Subvert Central

Full Version: So Jeremy Corbyn is the new boogie-man?
You're currently viewing a stripped down version of our content. View the full version with proper formatting.
Pages: 1 2 3 4 5 6 7 8 9 10 11
First time Im going to consciously vote - gonna register online and vote for Corbyn Icon_razz
It’s the British establishment that has a problem with democracy
The Corbyn earthquake – how Labour was shaken to its foundations
Lol I've been reading more comment and analysis on the Guardian website than I can describe, those articles as well

Looking forward to the conference then we can all get good indicator what hes made of
my local MP Grumble

he voted for Liz Kendall lol.
very relevant to all the Trident and nuclear button nonsense...

It's not just that mainstream media dislike Corbyn. They have institutionally become partisans of the Right...
On Corbyn and our collapsing orthodoxies...
Lol i've spotted someone on CIF with a Velma avatar... is that you on there??
(24th October 2015, 14:59)Ornette Wrote: [ -> ]Lol i've spotted someone on CIF with a Velma avatar... is that you on there??

very likely Smile

jenalex is my moniker on CiF
Jeremy Corbyn 'Systematically' Attacked By British Press The Moment He Became Leader, Research Claims

well. obviously – and if anything they're underplaying it
understatement of the year.
More worthless garbage from Andrew Rawnsley...

But here's a comment worth reading...

Michael Rosen Wrote:2 fallacies in this article::
1. 'Lacerating' people in the House of Commons is some kind of game-changer. Even if McDonnell had said all that Rawnsley is saying now that he could or should have said, most of the press would have roasted him for talking pie-in-the-sky, jam tomorrow, debt denial economics. The idea that Corbyn and his entourage would get a free ride from any paper or news outlet is a joke. To then blame Corbyn et al for not doing so, is merely another stick to beat them with.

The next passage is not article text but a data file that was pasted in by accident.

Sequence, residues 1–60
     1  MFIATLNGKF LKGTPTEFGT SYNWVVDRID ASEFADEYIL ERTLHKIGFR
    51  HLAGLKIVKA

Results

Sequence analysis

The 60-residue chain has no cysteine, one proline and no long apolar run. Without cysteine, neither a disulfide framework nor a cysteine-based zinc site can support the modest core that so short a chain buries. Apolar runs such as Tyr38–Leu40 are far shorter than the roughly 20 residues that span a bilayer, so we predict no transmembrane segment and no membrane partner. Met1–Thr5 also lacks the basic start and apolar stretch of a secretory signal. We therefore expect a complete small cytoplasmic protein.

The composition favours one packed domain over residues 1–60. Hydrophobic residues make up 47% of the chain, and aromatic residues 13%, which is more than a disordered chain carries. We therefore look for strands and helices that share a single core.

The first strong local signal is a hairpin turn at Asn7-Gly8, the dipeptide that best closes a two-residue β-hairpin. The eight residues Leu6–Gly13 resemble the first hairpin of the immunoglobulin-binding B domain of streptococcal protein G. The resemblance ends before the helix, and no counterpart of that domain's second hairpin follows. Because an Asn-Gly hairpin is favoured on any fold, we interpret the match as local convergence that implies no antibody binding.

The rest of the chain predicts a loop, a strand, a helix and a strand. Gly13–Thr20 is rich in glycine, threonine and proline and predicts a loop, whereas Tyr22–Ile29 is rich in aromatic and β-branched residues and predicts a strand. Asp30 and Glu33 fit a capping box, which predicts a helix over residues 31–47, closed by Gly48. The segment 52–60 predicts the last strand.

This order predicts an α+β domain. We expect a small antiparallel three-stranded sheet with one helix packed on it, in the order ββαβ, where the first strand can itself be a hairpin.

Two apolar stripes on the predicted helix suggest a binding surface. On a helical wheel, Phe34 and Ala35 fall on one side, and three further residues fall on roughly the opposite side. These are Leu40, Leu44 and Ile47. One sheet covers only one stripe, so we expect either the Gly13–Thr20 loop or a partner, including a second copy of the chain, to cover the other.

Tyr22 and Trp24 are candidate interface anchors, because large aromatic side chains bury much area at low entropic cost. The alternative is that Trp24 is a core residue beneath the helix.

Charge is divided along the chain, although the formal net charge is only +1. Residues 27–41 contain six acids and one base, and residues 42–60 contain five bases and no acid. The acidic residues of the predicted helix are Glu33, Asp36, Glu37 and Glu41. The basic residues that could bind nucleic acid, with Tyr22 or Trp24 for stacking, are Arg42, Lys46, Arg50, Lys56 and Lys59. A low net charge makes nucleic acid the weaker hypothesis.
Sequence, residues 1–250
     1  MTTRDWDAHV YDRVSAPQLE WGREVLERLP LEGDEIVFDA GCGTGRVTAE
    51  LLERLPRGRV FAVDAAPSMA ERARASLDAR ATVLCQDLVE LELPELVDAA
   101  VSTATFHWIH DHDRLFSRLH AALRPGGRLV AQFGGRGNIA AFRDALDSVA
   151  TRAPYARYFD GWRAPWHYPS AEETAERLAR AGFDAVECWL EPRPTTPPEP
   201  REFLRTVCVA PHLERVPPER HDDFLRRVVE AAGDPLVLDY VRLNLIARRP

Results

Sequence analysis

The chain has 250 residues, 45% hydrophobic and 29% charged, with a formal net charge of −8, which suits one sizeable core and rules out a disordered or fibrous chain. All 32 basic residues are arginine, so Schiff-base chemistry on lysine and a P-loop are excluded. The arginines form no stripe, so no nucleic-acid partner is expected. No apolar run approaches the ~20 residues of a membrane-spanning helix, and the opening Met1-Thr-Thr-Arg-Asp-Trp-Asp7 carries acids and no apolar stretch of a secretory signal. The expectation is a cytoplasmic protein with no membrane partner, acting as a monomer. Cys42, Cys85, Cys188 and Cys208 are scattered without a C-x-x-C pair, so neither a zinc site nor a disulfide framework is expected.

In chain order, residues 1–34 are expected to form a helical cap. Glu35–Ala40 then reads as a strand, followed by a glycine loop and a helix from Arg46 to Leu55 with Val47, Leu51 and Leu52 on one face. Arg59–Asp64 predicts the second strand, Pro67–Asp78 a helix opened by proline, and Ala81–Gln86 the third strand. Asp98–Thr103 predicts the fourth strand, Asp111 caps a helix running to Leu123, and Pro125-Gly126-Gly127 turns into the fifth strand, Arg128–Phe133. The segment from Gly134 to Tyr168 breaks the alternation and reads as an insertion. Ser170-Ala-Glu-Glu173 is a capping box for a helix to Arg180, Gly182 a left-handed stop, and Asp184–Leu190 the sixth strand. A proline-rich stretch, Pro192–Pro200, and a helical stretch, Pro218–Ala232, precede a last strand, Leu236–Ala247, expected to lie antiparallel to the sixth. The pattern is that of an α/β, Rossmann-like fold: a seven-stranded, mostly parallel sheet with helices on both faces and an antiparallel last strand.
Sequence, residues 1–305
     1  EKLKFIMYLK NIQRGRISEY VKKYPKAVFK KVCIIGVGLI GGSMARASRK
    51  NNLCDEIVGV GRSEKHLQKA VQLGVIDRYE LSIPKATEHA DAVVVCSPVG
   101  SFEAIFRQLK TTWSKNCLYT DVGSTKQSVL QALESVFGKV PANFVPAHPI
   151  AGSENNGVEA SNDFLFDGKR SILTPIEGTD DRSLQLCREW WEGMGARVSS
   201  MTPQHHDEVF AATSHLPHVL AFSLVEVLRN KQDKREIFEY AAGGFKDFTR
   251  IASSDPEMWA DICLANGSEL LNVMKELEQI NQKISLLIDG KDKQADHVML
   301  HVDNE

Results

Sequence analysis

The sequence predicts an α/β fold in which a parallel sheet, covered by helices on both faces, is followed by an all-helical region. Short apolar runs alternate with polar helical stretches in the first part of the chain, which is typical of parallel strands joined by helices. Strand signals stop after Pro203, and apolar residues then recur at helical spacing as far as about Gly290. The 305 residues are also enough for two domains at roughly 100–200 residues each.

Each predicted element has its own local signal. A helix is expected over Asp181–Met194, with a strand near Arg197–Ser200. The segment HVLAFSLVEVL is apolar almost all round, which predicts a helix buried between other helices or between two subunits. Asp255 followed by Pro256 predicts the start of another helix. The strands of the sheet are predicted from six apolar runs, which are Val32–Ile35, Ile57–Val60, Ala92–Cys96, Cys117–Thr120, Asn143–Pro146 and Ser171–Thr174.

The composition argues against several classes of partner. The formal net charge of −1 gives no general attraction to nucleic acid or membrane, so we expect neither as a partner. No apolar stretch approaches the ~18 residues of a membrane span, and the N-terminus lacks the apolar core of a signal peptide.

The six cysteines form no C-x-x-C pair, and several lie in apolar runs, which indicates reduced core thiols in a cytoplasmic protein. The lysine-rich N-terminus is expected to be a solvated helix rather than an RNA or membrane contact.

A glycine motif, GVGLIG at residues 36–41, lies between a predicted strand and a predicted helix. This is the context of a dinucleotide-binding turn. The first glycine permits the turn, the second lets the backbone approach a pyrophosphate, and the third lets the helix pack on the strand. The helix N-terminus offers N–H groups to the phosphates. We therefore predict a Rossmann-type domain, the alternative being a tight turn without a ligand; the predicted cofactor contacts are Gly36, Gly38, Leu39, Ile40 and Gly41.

2. Again, the idea that there could be a 'strong' way of opposing the bombing of Syria which would be approved of by the press, is laughable. Weak or strong, (as perceived by Rawnsley) it would all be seen as some kind of fatal error.

In fact hiding behind this article is the usual Westminster-worshipping view of politics, propped up by a supine press, who swill about in the lobbies and TV studios. I'll never forget the time I was a trainee at the BBC - around 1970 and we trainees were invited in to observe Robin Day interviewing Iain Macleod, the one-time Tory minister who had been tipped as a potential PM. We watched Day ask him various questions which he batted away very neatly even though Day at the time had the reputation of being some kind of eviscerating (to borrow a Rawnsley term) interviewer. Then the recording ended. But the mic was still up and you could see Day put his arm round Macleod and ask him how he felt about the leadership of the Tory Party and did he think his time had passed. It was a wonderful chummy moment between two people who needed each other (if they had both lived that long) for at least the next ten years. From memory - you can pull me up on this one - Macleod had a none too honourable line on southern Africa. Any idea that the interests of peace, justice and democracy was being upheld at this moment would be rubbish.